Interesting works have been reported to demonstrate the uncertainty relation between the conjugate variables of angle φ of light and its derivative \({\hat{l}}_{z}\equiv {{{{{\mathrm{i}}}}}}\hslash \partial /\partial \varphi\) in the firstquantization picture^{52,53}, i.e., Δφ_{θ}Δl_{z} ≥ ℏ[1 − 2πP(θ)]/2. In contrast, our focus is the Heisenberg uncertainty corresponding to the canonical 3D angular commutation relation of photons. On the other hand, we note that for transverse EM fields, {Hamiltonian \(\hat{H}\), momentum \(\hat{{{{{{{{\boldsymbol{P}}}}}}}}}\), helicity \(\hat{{{\Lambda }}}\)} has been select as the complete set of commuting observables to specify a photon state usually. Here, we see that a singlephoton pulse carrying determinate integer OAM in the propagating direction is not the eigen state of \({({\hat{{{{{{{{\boldsymbol{L}}}}}}}}}}^{{{{{{{{\rm{obs}}}}}}}}})}^{2}\).
Our predicted large OAM fluctuations in xyplane can be verified in experiments (see Fig. 3a). The quantum uncertainties of \({\hat{L}}_{x}^{{{{{{{{\rm{obs}}}}}}}}}\) and \({\hat{L}}_{y}^{{{{{{{{\rm{obs}}}}}}}}}\) are linearly proportional to the photon number n in a Bessel pulse as shown in Fig. 3b and proportional to the square of the helical phase index m in Eq. (11) as shown in 3c. From Eq. (23), we see that the OAM fluctuations in the transverse plane are strongly dependent on the polar angle θ_{c} of a Bessel pulse. There exists a minimumuncertainty angle due to the inequality a^{2}x^{2} + b^{2}/x^{2} ≥ 2∣ab∣ (\(x=\tan {\theta }_{c}\)) in (24) as shown in Fig. 3d. For a optical pulse, the ratio C_{0} between its center wave number and its width is usually very large, e.g., C_{0} ≈ 188 for a 50 fs pulse with center wave length λ_{c} = 500 nm. In our numerical simulation, we set C_{0} = 100. We note that these large OAM fluctuations in the transverse plane also exist in traditional OAM laser beams, such as the routinely used Laguerre−Gaussian beams in experiments.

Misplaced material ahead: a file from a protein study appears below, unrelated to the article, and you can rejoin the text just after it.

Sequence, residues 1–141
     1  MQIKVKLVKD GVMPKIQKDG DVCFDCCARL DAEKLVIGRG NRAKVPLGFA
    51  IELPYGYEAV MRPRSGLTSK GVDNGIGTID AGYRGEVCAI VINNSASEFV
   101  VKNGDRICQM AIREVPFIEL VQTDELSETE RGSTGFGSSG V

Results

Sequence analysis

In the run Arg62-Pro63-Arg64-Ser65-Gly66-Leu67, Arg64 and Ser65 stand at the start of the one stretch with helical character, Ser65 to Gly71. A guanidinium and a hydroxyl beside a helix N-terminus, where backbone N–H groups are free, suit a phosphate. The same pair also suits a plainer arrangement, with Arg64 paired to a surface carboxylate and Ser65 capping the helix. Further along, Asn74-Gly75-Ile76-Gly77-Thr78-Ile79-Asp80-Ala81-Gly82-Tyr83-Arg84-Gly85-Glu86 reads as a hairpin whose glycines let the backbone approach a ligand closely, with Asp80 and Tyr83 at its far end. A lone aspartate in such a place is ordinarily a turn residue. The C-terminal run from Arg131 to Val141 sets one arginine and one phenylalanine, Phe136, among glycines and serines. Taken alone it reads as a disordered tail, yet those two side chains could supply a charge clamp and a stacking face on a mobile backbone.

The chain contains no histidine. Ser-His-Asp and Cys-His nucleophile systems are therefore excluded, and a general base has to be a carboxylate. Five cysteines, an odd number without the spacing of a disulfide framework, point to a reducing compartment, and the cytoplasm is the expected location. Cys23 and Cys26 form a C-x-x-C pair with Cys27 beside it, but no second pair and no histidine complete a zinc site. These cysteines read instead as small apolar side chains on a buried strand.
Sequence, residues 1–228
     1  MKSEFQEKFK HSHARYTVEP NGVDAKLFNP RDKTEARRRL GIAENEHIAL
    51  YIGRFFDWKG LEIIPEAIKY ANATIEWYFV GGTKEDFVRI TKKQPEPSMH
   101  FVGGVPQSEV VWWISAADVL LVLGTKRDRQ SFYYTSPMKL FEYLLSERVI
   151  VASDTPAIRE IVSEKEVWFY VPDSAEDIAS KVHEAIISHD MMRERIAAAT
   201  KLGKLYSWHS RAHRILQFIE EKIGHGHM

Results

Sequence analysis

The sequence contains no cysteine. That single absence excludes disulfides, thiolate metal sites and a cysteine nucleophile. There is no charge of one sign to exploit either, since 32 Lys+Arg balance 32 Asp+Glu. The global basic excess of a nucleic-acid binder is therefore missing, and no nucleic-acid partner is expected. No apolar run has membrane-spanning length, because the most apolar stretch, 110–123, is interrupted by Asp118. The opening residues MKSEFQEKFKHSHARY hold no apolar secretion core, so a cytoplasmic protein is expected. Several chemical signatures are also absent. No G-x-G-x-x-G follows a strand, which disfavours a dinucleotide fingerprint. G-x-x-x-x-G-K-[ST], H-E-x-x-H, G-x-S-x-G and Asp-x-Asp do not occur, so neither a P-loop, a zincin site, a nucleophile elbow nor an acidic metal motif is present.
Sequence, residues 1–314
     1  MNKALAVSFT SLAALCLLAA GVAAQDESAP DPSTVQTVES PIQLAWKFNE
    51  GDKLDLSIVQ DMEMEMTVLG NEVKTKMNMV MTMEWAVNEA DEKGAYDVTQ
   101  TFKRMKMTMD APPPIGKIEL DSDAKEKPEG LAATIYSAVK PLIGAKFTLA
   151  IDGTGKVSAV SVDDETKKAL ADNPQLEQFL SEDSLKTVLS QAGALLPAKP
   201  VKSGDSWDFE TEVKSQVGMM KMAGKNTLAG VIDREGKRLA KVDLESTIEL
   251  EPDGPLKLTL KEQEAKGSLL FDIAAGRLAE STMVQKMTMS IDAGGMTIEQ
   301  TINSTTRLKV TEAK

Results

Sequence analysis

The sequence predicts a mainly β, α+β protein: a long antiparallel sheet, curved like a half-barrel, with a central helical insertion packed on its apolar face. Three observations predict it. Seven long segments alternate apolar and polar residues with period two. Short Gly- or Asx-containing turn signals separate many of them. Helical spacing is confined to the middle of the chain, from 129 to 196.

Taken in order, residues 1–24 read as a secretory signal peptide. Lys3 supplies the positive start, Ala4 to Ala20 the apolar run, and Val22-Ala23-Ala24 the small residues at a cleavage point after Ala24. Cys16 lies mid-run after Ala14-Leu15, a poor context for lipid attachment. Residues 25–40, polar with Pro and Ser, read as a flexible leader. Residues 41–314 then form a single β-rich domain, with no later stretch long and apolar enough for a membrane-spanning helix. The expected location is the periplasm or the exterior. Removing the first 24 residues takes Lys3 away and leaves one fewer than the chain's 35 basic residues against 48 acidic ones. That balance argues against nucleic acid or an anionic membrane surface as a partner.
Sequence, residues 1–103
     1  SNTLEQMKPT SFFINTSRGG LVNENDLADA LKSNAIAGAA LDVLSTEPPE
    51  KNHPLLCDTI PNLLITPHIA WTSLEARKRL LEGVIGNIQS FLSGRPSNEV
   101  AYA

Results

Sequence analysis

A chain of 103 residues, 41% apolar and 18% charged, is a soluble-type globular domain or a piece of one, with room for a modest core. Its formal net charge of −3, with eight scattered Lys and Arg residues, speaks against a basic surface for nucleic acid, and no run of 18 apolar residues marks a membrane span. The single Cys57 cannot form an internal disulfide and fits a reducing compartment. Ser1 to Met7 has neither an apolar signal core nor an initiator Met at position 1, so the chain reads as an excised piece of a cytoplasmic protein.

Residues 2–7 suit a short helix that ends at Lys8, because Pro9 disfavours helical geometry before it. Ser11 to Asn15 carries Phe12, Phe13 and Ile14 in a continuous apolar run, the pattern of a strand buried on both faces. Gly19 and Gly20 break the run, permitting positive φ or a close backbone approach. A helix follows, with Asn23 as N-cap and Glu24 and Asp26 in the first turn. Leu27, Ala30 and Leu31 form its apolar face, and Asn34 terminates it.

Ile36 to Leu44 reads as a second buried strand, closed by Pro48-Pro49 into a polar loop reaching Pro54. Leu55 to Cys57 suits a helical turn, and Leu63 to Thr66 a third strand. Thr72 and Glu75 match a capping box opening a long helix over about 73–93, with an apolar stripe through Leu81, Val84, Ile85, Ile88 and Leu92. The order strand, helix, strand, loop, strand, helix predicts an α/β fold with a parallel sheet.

Quantum spin texture of a singlephoton pulse
We show that the spin texture of a singlephoton pulse can exhibit a very rich and interesting structure in the case beyond the paraxial approximation. The photon spin texture is characterized by the spin density operator
Similar to the electric or magnetic fields, the spin density can be treated as a vector field and can be measured locally^{44}. We emphasize that as a vector, the spin density is neither purely longitudinal or purely transverse in most cases. In the singlemode planewave limit, the spin density will be a spaceindependent constant, i.e., \({{{{{{{\boldsymbol{\nabla }}}}}}}}\times \langle {\hat{{{{{{{{\boldsymbol{s}}}}}}}}}}^{{{{{{{{\rm{obs}}}}}}}}}({{{{{{{\boldsymbol{r}}}}}}}},t)\rangle ={{{{{{{\boldsymbol{\nabla }}}}}}}}\cdot \langle {\hat{{{{{{{{\boldsymbol{s}}}}}}}}}}^{{{{{{{{\rm{obs}}}}}}}}}({{{{{{{\boldsymbol{r}}}}}}}},t)\rangle =0\).